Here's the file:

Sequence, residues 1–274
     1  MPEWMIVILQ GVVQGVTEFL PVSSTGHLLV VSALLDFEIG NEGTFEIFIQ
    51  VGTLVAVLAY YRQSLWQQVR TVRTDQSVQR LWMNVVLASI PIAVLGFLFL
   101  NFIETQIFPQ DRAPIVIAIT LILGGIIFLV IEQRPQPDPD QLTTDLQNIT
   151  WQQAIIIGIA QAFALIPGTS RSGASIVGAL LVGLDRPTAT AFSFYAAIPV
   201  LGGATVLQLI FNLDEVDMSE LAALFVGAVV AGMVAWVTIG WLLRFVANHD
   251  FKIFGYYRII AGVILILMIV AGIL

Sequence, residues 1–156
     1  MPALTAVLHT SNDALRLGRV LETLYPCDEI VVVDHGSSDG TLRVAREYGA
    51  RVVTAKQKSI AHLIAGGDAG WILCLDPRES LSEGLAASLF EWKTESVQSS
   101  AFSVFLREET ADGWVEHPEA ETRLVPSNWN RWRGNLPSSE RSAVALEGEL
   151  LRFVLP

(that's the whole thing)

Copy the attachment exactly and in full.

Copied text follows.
Sequence, residues 1–274
     1  MPEWMIVILQ GVVQGVTEFL PVSSTGHLLV VSALLDFEIG NEGTFEIFIQ
    51  VGTLVAVLAY YRQSLWQQVR TVRTDQSVQR LWMNVVLASI PIAVLGFLFL
   101  NFIETQIFPQ DRAPIVIAIT LILGGIIFLV IEQRPQPDPD QLTTDLQNIT
   151  WQQAIIIGIA QAFALIPGTS RSGASIVGAL LVGLDRPTAT AFSFYAAIPV
   201  LGGATVLQLI FNLDEVDMSE LAALFVGAVV AGMVAWVTIG WLLRFVANHD
   251  FKIFGYYRII AGVILILMIV AGIL

Sequence, residues 1–156
     1  MPALTAVLHT SNDALRLGRV LETLYPCDEI VVVDHGSSDG TLRVAREYGA
    51  RVVTAKQKSI AHLIAGGDAG WILCLDPRES LSEGLAASLF EWKTESVQSS
   101  AFSVFLREET ADGWVEHPEA ETRLVPSNWN RWRGNLPSSE RSAVALEGEL
   151  LRFVLP